By brrecording on 3rd December 2011
A low price, large diaphram condensor microphone, the SE 2200a is a very capable microphone that holds its own against some far more expensive pieces.
Sound Quality: I found this microphone to work very well on a variety of sources. As the frequency chart here shows, there is a presence boost just over 10k and the there is also a slight shelving dip at 300hz. These combine to create a crisp sounding microphone that I didn't find harsh or shrill on any source. On vocals its presence boost helps it to peek over a busy mix but it also works on softer tracks, creating a nice air in the vocal track. It also works extremely well on acoustic guitar where it is crisp and clear.
Ease of use: The microphone screws easily into the shock mount. Connect the female XLR to the bottom of the microphone and the male XLR to your pre-amp, hit the phantom power button and bam....signal! It doesnt really get much more straight forward.
Features: The SE 2200a is a cardiod condensor microphone which contains a -10db pad and a low cut switch. The pad does exactly as you would expect, it reduces the output of the microphone by 10db to allow louder signals (drums, guitar amps etc.) to be recorded without pushing your preamp into overload. With condensor microphones, by nature, being more sensitive than their dynamic cousins, i found this to be a very usefull addition as I really like this microphone sitting a foot in front of a kick drum where the level is LOUD! With the Low Cut engaged, the microphone's frequency response falls away gently around 100hz helping to eliminate rumble and low frequency stand vibrations which can sometimes ruin a good take.
Bang For Buck: I bought one and after I had used it for a few weeks, I went and bought another one. I find the SE 2200a to be extremely versitile and very useful to have hanging around the studio. I've used mine on ALOT of instruments (kick, overheads, toms, guitar amp, bass cab, banjo, mandolin, violin, cello, piano, percussion, vocals, room mic) and have never been disappointed with the results. At such a low cost, its a no brainer, buy one! or do what I did and buy two!
By Bedlam Sound on 3rd December 2011
Having used this microphone a lot for more budget tight projects, I can say as a vary reasonably priced microphone, it delivers particularly well.
Sound Quality - as you'd expect from a budget microphone, this does not stack up to some more of the top of the range alternatives on the market. However if budget is a concern, this mic certainly does the job, sounds decent for clear transparent vocal recordings and is also pretty versatile for use on drums and other acoustic instruments. Eqing well when using this mic is vital however as it can sound a little harsh around the mid range.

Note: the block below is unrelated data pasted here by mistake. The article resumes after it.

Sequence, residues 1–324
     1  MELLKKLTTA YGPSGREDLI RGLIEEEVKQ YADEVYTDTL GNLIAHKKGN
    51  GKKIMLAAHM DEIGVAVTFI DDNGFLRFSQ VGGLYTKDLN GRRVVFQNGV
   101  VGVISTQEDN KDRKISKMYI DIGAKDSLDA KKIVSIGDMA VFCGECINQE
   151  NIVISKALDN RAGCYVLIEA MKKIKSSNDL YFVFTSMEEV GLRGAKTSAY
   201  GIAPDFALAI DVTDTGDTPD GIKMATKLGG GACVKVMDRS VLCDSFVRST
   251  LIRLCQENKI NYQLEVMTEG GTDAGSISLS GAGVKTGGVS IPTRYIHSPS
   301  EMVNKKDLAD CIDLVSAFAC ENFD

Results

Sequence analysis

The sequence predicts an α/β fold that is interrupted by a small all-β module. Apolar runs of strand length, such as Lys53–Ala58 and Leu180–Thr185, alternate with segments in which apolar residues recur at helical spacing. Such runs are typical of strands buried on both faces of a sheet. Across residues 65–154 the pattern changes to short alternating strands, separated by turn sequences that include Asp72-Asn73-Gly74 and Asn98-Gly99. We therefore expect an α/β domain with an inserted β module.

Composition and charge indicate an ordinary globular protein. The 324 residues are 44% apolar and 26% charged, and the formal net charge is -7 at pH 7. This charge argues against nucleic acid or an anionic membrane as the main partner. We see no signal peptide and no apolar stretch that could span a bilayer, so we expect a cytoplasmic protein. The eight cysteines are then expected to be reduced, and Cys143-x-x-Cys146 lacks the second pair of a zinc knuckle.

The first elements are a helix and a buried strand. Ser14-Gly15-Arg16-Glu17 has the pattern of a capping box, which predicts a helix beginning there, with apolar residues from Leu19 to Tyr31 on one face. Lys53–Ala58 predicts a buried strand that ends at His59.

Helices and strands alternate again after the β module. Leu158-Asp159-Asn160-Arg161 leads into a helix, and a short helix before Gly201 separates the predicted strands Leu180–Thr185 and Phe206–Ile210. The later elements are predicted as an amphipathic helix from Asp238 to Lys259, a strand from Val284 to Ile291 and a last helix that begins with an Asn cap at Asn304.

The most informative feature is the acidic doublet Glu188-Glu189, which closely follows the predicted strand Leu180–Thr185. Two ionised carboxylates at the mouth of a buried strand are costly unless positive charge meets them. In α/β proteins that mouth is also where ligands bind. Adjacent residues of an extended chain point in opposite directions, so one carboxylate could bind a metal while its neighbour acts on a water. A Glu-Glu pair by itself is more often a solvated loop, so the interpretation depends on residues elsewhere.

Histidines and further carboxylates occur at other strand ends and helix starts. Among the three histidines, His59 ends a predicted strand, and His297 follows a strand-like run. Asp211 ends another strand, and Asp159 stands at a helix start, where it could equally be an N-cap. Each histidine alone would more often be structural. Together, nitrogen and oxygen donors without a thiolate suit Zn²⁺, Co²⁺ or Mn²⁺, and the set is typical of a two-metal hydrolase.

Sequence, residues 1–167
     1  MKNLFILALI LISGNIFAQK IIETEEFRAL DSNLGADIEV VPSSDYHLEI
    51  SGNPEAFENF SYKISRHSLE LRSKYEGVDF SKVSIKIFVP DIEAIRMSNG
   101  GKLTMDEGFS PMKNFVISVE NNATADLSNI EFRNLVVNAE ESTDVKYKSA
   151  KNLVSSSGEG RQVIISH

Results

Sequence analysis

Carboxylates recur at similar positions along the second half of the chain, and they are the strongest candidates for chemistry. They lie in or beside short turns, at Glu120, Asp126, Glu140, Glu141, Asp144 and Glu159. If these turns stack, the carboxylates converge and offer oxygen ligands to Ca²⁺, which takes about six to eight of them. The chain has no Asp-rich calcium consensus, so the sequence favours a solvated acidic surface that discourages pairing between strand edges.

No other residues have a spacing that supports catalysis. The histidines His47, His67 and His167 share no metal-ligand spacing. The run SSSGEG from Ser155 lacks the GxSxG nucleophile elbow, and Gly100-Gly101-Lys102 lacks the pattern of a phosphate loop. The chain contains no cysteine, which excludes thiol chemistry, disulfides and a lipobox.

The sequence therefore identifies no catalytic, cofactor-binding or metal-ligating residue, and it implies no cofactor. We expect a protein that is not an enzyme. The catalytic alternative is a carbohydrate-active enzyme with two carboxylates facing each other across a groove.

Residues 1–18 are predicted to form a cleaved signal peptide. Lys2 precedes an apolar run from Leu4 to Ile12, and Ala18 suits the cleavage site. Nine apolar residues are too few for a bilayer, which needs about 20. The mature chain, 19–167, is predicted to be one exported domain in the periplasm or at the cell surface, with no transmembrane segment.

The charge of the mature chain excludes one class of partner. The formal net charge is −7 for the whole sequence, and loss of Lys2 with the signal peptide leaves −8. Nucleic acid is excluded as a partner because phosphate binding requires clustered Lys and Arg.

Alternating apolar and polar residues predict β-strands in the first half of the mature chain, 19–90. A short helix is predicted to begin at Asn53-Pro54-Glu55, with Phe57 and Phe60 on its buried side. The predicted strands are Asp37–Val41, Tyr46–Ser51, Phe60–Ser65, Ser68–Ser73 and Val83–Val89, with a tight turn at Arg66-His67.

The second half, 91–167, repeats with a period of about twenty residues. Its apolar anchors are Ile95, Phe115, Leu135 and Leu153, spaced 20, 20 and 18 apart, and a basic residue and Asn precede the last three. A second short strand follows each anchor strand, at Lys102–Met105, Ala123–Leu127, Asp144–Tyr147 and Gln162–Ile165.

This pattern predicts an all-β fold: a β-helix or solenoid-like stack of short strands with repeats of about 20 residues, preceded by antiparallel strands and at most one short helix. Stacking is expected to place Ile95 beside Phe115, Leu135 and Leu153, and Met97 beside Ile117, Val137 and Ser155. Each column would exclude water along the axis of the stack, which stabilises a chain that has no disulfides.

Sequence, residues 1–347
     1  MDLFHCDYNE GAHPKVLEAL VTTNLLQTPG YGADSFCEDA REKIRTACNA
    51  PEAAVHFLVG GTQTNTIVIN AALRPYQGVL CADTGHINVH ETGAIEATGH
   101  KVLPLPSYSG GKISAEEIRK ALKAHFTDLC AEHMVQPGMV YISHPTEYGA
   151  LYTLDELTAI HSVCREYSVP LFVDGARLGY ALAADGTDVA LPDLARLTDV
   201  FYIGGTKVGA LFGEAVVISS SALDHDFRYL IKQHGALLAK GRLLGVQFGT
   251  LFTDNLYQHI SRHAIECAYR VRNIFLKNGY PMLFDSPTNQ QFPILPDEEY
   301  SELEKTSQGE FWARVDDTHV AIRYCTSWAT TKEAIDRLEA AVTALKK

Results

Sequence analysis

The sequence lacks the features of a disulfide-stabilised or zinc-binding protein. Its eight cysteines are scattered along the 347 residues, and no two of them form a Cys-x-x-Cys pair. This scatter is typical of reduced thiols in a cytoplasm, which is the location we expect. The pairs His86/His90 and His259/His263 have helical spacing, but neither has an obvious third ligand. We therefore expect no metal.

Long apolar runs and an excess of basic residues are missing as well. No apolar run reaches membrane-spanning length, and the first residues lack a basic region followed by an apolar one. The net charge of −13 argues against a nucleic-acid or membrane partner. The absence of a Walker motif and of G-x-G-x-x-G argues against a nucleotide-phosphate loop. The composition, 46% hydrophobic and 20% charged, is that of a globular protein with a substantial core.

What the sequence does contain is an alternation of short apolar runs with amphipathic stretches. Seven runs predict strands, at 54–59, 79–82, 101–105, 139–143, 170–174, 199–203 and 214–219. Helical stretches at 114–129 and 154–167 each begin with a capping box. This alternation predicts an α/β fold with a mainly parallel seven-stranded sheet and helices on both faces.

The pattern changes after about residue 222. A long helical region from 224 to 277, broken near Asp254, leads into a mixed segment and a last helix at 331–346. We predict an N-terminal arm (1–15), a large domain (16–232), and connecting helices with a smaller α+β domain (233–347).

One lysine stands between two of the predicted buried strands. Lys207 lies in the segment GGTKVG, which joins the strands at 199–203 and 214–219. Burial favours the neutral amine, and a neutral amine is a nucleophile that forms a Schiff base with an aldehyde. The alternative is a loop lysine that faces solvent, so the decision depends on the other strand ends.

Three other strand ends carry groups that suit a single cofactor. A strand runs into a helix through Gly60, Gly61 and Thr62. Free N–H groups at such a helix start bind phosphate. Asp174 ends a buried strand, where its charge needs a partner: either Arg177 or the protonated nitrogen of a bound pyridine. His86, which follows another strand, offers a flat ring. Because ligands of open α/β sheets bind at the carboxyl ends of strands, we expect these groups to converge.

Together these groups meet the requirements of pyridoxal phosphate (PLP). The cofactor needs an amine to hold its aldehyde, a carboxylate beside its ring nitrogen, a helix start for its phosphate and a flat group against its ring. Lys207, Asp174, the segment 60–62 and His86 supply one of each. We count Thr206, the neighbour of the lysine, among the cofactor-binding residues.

Ease of use - Very easy to use, stick some phantom power through it and you're away. Some of the more experienced engineers however will certainly want to play around with eq when recording for the reasons mentioned above.
Features - The 2200 comes equipped with low cut and pad switches for versatility which come in very handy.
Bang for buck - For its price this microphone is a very solid option for a more budget project. Can be used on a whole host of instruments and is very easy to use. Has a particularly transparent sound which again lends itself well to versatility in the studio. Its also very solid and reliable.
By naypalm on 6th December 2011
UTC Studio - SE2200A Review - A Day With Barry and Jimmy
The SE2200A has long been a staple ingredient in the murky, acrid recording broth served up at The UTC Studio. It sits as easily in the mix as the dirty great chunks of stewed steak, I say the dirty great chunks of stewed steak, from Fred Elliott's butchers sit in a bowl of Betty's famous hotpot. Enticing the consumer to savour its rich, warm, muscular delights. Fleshing out puny vegetables and wimpy guitar lines. Coaxing culinary and sonic creations to raging, orgasmic delight. Tweaking the nipples of the mix before penetr......... Well, you get the point. And just in case you don't - the point is - we very much likey like the 2200A at UTC towers.
Our unflinching and multi-layered love for this, the King of Condensers, was none more apparent than during a recent session we undertook with the corpulent, multi-chinned, walrus of sex Mr Barry White, and the pasty, ginger coiffured, queen of falsetto Mr Jimmy Somerville. As you slutz of gear will doubtless have realised, this musical odd couple (they're called 'Play Your Chords Right' - Higher! Lower! Higher! Eeeeew good game) possess between them a truly mammoth vocal range.
Our seven inch silver saviour laughed heartily in the face of this furlong of frequency, before delivering a masterclass in crystal-clear, cost-effective condenser conjuring. Mr Jimmy's highs were up front yet smooth. His upper mids were just what we needed; each heartfelt syllable leapt from the mix, it was almost as if a slightly camp ginger Scotsman was stood whispering sweet nothings into our ears. Conversely, at several other points, it felt as though an overweight, greazy, porcine American was stood behind us pulling on our diaphragms with his rich, rumbling, thunderous roar. His Moet-flecked breath dancing playfully across our hyper-sensitive and exposed necks. With the benefit of hindsight, we can attribute this not unpleasant sensation to the 2200A's frequency plot, which shows a gentle bass hump at the low end. Perfect for Mr Barry's sexually provocative growl.
The low-frequency roll off switch was immeasurably useful also. Unbeknownst to us, the humble producers, big Bazza had partaken in a chippy-dinner of chips, peas and gravy before he arrived, causing gale-force sub-bass-gusts to emenate from his cavernous torso. The roll off switch ensured that these ghastly guffs weren't picked up during takes, although future editions of the mic should perhaps come with free nose pegs. For the occasions when recording flatulent soul singers are simply unavoidable.